œ


Yeah, yeah, a builtin... For anybody wondering about the choice of character, it's supposed to be odd or even or o or e.

However, I do have other solutions.

## 2 bytes

1&


### Explanation

1&

implicit input
1   push 1
&  pop input and 1 and push input & 1 (bitwise AND)
implicit output


## 2 bytes

2%


### Explanation

2%

implicit input
2   push 2
%  pop input and 2 and push input % 2 (modulo)
implicit output

• œ yeah a new solution, and a new builtin Jul 12, 2017 at 3:28

# Aceto, 5 bytes

ri2%p

r reads input
i converts to integer
2% takes the number modulo 2
p prints the answer


Try it online!

# Underload, 5 bytes

():aS


Underload doesn't really have a concept of Truthy/Falsey, so this is empty/nonempty output for odd/even respectively.

Input should be in unary (as some number of ~) between the a and the S.

## Explanation

() pushes the empty string. : duplicates it and () wraps the top stack element in parenthesis, meaning the stack now looks like "", "()". The input now appears in the program, meaning it is executed as code. ~ is the swap instruction in Underload, meaning that an even input is an even number of swaps, which doesn't affect the stack, and an odd input is an odd number of swaps, which has the same effect as a single swap. S outputs the top stack element, which will be either () if the input was even, and if the output was odd.

I mentioned that Underload doesn't have Truthy/Falsey, but the common way to represent booleans as Underload code that either swaps or doesn't swap, meaning that the cheaty one-byte program S technically works as a valid submission.

# Pyt, 2 bytes

2%


Explanation

            Implicit input
2%          Mod 2
Implicit print


Odd is truthy, even is falsy

Try it online!

Alternatively, also 2 bytes

2|


Explanation:

            Implicit input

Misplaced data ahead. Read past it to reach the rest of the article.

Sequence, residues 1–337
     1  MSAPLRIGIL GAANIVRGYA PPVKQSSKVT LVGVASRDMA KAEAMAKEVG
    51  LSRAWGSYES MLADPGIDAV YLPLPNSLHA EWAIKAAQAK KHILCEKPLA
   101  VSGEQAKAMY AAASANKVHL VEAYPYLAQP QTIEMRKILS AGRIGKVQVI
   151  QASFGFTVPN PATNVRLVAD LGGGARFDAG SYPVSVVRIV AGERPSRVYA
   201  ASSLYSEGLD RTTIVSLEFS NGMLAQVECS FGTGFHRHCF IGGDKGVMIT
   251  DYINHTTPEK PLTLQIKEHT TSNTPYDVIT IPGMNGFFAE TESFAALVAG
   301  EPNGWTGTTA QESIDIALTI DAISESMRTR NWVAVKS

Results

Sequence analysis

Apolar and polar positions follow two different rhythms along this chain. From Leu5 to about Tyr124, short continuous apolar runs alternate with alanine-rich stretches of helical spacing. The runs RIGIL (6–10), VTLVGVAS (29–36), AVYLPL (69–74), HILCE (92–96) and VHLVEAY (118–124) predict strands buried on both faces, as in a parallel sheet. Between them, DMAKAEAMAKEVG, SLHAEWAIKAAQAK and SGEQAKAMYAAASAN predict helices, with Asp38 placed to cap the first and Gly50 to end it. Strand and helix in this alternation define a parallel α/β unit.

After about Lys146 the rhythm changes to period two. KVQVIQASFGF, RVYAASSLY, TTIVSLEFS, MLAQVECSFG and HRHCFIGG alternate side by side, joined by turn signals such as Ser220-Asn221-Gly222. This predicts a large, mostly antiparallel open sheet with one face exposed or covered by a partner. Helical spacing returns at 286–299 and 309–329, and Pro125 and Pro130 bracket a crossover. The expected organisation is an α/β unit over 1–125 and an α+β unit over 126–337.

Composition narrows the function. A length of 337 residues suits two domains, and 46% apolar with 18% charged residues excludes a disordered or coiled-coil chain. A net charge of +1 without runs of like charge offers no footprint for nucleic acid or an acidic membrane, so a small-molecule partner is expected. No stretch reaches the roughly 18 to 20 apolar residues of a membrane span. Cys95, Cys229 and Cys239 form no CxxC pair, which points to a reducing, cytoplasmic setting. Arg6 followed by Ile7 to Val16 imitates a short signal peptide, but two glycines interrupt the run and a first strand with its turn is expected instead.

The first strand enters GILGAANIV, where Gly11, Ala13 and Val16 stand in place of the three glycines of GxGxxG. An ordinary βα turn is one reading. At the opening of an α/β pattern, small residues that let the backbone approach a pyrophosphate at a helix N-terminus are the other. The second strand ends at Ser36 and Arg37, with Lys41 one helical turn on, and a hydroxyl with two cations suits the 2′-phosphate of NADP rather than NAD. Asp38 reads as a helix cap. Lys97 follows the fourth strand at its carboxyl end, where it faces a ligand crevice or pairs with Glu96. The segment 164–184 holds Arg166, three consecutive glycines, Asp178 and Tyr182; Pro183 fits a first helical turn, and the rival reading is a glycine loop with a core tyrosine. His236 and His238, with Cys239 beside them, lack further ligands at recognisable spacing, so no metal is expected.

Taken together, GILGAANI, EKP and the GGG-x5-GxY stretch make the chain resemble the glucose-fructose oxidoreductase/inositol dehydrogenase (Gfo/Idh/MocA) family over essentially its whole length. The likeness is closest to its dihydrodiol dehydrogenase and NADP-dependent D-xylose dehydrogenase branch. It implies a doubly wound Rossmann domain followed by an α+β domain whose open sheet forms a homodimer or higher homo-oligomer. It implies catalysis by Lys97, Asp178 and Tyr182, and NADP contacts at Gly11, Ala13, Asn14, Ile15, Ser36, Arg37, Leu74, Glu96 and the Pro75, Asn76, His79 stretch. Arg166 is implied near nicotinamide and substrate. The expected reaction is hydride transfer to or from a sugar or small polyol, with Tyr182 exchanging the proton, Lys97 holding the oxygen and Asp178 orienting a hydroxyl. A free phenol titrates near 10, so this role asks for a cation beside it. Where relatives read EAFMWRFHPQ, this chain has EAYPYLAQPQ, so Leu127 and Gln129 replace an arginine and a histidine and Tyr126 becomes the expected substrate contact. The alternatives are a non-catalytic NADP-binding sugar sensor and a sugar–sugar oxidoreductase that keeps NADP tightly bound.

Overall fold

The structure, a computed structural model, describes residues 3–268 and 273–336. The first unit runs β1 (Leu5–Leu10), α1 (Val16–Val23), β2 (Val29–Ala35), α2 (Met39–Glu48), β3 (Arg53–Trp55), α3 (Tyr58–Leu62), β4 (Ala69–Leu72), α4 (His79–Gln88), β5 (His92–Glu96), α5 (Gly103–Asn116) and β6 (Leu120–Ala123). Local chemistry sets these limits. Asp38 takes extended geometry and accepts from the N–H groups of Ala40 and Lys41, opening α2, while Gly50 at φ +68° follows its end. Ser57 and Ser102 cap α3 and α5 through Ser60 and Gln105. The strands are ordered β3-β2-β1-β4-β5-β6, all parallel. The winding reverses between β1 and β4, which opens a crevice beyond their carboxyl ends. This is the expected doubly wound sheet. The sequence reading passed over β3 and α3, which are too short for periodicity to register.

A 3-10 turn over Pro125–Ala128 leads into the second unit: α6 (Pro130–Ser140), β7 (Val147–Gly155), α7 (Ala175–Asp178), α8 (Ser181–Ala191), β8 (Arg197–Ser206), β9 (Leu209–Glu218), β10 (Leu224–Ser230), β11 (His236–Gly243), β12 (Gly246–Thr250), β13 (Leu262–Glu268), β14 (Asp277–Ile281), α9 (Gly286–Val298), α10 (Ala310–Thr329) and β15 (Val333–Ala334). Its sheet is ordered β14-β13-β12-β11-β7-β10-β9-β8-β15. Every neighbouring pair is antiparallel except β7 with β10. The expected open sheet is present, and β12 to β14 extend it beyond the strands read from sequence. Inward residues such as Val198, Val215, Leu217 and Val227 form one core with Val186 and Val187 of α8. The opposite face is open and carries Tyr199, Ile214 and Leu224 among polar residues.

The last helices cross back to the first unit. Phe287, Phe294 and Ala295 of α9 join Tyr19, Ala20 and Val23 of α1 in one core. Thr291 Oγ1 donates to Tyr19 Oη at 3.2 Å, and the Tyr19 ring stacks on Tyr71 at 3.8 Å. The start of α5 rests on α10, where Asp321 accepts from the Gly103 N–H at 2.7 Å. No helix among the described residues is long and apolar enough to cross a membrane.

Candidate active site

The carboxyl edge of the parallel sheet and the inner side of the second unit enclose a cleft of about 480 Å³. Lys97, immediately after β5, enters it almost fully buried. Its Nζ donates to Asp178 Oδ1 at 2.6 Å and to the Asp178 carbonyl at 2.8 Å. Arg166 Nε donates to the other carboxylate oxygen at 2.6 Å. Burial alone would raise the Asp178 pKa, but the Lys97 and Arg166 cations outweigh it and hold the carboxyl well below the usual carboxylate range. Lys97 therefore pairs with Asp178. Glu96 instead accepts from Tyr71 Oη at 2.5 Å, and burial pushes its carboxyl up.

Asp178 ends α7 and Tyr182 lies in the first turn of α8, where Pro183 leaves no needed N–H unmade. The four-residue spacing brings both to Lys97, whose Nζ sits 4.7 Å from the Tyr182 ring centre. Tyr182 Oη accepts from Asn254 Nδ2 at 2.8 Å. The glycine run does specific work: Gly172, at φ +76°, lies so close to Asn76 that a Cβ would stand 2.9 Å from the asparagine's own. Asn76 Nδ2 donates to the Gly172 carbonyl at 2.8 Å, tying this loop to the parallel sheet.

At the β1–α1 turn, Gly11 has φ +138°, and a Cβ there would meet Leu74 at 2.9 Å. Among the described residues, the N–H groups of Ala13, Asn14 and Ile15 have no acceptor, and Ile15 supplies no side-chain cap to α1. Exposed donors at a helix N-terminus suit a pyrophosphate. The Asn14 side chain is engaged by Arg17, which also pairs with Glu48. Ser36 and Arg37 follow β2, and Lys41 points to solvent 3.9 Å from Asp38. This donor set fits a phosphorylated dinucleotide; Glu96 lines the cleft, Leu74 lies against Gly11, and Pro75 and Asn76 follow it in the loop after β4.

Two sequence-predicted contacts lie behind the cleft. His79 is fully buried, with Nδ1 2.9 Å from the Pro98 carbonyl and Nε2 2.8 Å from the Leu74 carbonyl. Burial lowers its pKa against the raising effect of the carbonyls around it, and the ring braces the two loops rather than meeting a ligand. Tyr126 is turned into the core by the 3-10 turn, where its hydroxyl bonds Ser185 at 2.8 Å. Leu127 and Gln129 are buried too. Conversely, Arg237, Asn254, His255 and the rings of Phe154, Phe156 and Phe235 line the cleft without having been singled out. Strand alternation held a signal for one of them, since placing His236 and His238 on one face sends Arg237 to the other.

2|          Is it divisible by 2?
Implicit output


Even is truthy, odd is falsy

Try it online!

# Piet, 10 codels

Test using this online interpreter, with codel size 40.

Does what you might expect: take input, push 2, apply the mod operation, and output the result. The program then terminates due to the J-shape at the right-hand edge.

Odd (respectively, even) input corresponds to output of 1 (respectively, 0).

Note: the lower-left-hand codel could be changed to black, white, or almost any other color without changing the program's behavior. However, if that codel is changed to "dark green" to match the codel to its right, then the program will calculate the remainder modulo 3 instead of 2.

So this program can trivially be modified to become a mod-3 calculator, with the same number of codels.

# SNOBOL4 (CSNOBOL4), 30 27 bytes

	OUTPUT =REMDR(INPUT,2)
END


Try it online!

Prints 1 for odd, 0 for even.

SNOBOL doesn't have true or false and all conditions are done on SUCCESS or FAILURE so this is sort of truthy?

# Perl 5, 6 bytes

Add +1 for -p

#!/usr/bin/perl -p
$_%=2  Try it online! # Tcl, 19 bytes puts [expr$argv%2]


Try it online!

# Flobnar, 6 bytes

&
%@
2


Try it online! (requires the -d flag)

I don't think it's going to get much shorter than this.

## CHIP-8 assembly, 22 bytes

0x6001 F10A 410F 120C 8210 1202 8226 8F03 FF29 D005 1214


Takes in a number entered by the user, until it is terminated by the user pressing the F key, and prints out to the screen 0 if it's odd, or 1 if it's even.

The CHIP-8 had 16 8-bit registries (V0 to VF), with VF mostly being used for carry operations. The ROM was loaded into memory at address 0x200, which is why the jump operations are offset. It also contained display-representations of the numbers 0-9 and letters A-F in memory at 0x00, so that a programmer need not create them.

The code works like this:

0x200:      60 01        Set V0 to 0x01.
0x202:      F1 0A        Wait for a key to be pressed, and enters the value into V1.
0x204:      41 0F        Skip the next instruction if V1 does not equal 0x0F.
0x208:      82 10        Assign the value of V1 into V2.
0x20C:      82 26        Store the least significant bit of V2 into VF, left-shift V2 by one bit, and store the shifted value into V2.
0x20E:      8F 03        Set VF to VF XOR V0 (V0 is set previously to 1, so this is equivalent to NOT VF).
0x210:      FF 29        Set the memory address pointer (I) to the character representation of the value in VF.